I’m happy to be deaf because that’s part of me. I had a reality check at the age of 13 which made me motivate myself to help other deaf youngsters who faced the same difficulties as I did. So, I have been involved with the National Deaf Children’s Society on the Youth Advisory Board for two years now and I love it.
Last week the Youth Advisory Board (YAB) launched our campaign called My Life, My Health. Its a campaign to help deaf teenagers get the support that they need, especially from their health services. It is supported by the Royal College Paediatricians and Child Health. It is the first health campaign of it’s kind led by deaf young people.
There was a fantastic turnout at the launch. Loads of people came and the rest of the board were phenomenal, some members did presentations and others did focus group activities and some were on a discussion panel.
I’ve done lots of interesting things with the YAB, such as visited the Labour Party Conference; been to an NDCS trustees meeting; featured on Channel 4 News and met Ben Rushgrove (an inspirational Paralympic Medallist).
So what is My Life, My Health about?
Every day, somebody faces a challenge. It may be big, it may be small. Everyone faces them, deaf or hearing.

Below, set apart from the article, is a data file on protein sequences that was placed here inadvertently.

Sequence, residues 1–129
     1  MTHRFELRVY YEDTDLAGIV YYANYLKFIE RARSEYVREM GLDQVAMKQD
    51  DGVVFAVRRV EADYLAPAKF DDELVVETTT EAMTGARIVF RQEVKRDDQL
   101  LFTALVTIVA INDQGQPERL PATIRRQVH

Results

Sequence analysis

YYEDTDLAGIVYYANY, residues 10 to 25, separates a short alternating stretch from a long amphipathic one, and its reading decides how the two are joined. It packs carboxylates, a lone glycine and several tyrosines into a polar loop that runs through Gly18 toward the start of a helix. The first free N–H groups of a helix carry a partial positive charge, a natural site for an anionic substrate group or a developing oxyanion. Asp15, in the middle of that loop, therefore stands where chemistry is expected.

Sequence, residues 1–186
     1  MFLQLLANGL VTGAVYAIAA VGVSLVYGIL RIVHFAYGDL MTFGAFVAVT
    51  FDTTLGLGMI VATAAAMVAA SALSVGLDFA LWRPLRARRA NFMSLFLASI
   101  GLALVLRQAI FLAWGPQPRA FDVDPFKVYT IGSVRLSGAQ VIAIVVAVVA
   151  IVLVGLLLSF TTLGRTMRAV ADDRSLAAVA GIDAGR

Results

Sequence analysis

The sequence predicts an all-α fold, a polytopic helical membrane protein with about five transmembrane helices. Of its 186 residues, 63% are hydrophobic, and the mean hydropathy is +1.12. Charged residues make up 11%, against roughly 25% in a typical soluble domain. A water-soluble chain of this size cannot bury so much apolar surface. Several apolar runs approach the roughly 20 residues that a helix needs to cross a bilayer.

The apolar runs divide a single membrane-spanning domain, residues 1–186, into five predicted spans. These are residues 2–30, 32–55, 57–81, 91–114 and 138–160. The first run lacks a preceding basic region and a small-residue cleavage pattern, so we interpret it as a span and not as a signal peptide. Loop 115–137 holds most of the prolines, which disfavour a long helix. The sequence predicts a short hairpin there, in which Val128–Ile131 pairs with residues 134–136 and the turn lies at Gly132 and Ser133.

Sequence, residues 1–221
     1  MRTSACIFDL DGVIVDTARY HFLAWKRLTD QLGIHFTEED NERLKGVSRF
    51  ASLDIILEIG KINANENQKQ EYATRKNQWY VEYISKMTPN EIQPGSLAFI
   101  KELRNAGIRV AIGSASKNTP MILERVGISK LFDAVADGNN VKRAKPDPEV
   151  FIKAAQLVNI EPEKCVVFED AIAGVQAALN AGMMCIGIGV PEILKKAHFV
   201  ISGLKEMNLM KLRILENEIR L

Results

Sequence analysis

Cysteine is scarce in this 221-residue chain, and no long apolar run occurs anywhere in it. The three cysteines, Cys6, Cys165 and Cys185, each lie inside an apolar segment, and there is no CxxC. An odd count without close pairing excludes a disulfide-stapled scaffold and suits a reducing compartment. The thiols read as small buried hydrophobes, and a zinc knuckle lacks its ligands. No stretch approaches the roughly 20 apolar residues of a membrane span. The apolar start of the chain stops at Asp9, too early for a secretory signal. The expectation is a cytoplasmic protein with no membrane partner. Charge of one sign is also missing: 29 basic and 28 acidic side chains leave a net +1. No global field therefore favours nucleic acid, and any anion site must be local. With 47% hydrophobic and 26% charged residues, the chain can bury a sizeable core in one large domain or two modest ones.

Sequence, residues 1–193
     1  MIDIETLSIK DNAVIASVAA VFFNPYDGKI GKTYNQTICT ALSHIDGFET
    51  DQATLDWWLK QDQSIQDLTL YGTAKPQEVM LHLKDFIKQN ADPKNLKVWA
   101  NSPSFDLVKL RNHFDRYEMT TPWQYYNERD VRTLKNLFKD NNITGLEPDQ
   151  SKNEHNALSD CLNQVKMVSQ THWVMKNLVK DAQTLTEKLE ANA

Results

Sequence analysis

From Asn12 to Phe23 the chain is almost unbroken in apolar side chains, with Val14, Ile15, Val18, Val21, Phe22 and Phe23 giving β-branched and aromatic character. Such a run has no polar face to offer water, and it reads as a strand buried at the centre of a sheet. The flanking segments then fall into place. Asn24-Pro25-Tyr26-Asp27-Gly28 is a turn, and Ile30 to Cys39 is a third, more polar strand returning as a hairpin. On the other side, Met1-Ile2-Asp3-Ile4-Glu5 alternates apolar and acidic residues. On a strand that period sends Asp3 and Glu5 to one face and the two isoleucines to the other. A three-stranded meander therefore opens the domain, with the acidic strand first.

But deaf people can face even bigger challenges. Challenges so big they’re sometimes hard to overcome. I’m deaf, but even I find it incredibly difficult to explain how hard it can as a deaf individual.
Throughout their lives, deaf children will often face problems and challenges. This may be at home, school, work or clubs. Anywhere for that matter. But NDCS aims to change that.
But first we have to ask ourselves ‘what do deaf kids really need help with?’.
There many things that young deaf people know need improvement and above all, the Youth Advisory Board felt strongly that health was the main priority.
I was shocked when I looked into health services for deaf people. There are massive difficulties and huge obstacles. As part of the NDCS Campaign we spoke to hundreds of deaf people all over the UK and it was crystal clear that lots of deaf people are struggling with healthcare and desperately need our help.
I love to help fellow deaf young people. I may not have met all 45,000 but deep down they are all very important to me and they deserve so much respect.
Deaf people can do anything. I remember being told there was no chance that I would talk but I paid no attention to other people putting limits on me. Ben Rushgrove, the Paralympian I met, was told he wouldn’t walk or talk and he has achieved his dreams.
NDCS is about fulfilling dreams and My Life My Health is about not being held back, especially where health and well-being are concerned.
By Bethany Rose Eason
Bethany Eason is 16 years of age. She’s a profoundly deaf cochlear implant user. She used to hate being deaf and always blamed her mother; but as she got older, she realised that it’s not her mum’s fault. Bethany says that Being deaf is sometimes difficult and challenging but she’s glad of the bumpy ride because it has shown her that she is who she is and no one can change that.
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